| Jay Rubin (left) and Liakos Ariston have long dreamed of the day their fellow Portlanders would don life jackets and jump into the Willamette River. |
IMAGE: Basil Childers
Equipped with only a dry bag for their clothes, the quintet swam the Willamette and continued east, reaching the summit of Mount Tabor, their makeshift finish line, a couple hours later.
Afterward, Rubin posted cryptic, unsigned fliers around town urging others to follow in his soggy footsteps and make the cross-town trek. There were--and still are--only three rules: no motors or "equipment," no money, no bridges. Adventurers are forced to rely on muscle and brain-power, and their biggest obstacle is the river. Rubin, a onetime Boston University American Studies major, suggested they "Huck Finn it" using a makeshift raft.
Now just a few months old, Rubin's urban ritual (he has no idea whether anyone was inspired to make the journey) has gone legit. With the permission of the Coast Guard and the blessing of the City of Portland, this double-dog dare has a name, the Portland Challenge, and a date, Aug. 24. Naturally, it also has a charity beneficiary--a planned orphanage in Tanzania. It even has a celebrity participant: Columbia River swimmer Christopher Swain has signed on to take the plunge--sans wetsuit.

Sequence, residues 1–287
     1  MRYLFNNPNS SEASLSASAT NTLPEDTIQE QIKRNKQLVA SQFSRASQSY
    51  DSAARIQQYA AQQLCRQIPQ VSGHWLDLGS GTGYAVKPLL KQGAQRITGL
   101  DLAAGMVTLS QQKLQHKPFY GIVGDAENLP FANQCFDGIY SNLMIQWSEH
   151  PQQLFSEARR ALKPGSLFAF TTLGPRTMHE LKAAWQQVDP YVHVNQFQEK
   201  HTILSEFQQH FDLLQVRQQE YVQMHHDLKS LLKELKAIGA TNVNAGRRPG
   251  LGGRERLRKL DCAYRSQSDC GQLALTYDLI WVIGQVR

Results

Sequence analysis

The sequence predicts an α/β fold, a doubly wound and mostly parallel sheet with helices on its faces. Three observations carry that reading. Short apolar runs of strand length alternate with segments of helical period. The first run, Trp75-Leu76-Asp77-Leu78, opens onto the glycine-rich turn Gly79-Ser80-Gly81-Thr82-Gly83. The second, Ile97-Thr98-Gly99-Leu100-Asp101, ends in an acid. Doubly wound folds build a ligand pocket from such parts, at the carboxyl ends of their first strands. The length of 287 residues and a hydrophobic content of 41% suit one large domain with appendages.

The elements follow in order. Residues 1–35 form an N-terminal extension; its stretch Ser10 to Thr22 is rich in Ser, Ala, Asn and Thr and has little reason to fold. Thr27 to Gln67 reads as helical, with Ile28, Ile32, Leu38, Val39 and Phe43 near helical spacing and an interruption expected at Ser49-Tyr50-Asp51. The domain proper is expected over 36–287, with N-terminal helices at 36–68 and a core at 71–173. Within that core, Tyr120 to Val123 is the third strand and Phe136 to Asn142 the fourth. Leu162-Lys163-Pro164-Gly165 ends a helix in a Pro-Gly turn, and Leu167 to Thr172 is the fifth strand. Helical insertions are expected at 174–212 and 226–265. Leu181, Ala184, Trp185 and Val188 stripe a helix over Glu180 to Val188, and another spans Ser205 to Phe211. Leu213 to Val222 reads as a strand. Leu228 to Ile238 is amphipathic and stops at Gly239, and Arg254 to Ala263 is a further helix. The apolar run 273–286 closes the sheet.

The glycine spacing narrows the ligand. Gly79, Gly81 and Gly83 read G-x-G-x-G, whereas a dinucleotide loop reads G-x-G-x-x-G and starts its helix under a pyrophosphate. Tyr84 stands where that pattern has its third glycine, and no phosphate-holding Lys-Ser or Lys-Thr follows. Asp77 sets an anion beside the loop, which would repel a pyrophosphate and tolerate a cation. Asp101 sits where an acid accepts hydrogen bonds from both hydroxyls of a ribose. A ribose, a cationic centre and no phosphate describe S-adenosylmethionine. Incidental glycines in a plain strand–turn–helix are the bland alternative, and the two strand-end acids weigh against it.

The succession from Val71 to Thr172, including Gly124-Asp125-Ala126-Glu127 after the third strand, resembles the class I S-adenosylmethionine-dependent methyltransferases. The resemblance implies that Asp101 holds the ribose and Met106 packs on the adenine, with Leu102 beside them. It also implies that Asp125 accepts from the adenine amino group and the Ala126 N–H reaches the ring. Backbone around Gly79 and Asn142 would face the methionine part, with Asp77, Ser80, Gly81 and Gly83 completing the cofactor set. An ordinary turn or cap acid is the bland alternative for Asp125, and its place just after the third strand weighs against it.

The course has changed to appease city safety standards--it will now run from the Laurelhurst Park annex to Waterfront Park and will include life jackets, but the spirit is the same, Rubin says.
"This is maybe one of the first things I've done that's constructive and sort of ridiculous," he laughs. "There's no good reason to swim the Willamette."
Indeed, there may be good reasons not to swim the Willamette--namely, toxic pollutants like mercury, dioxin and lead. "I wouldn't swim it," says OSPIRG's Laura Etherton, whose group is campaigning to clean up the river. But Dennis Ades, Willamette Basin Coordinator for the state's Department of Environmental Quality, says such toxins, which are found in the river's fish and sediment, pose little risk to swimmers. As for the bacteria found in any body of water, Ades says the Willamette fares well when compared with other local rivers: "It's actually in better shape than a lot of its tributaries."
Absent a sewage spill, Ades says on a dry August day the biggest threat to swimmers may be jet-skis, not pollutants.
Whatever the risks, Rubin hopes Portlanders will see jumping into the river as a literal leap of faith. "Make that jump for Portland," Rubin enthuses, "and Portland will love you back."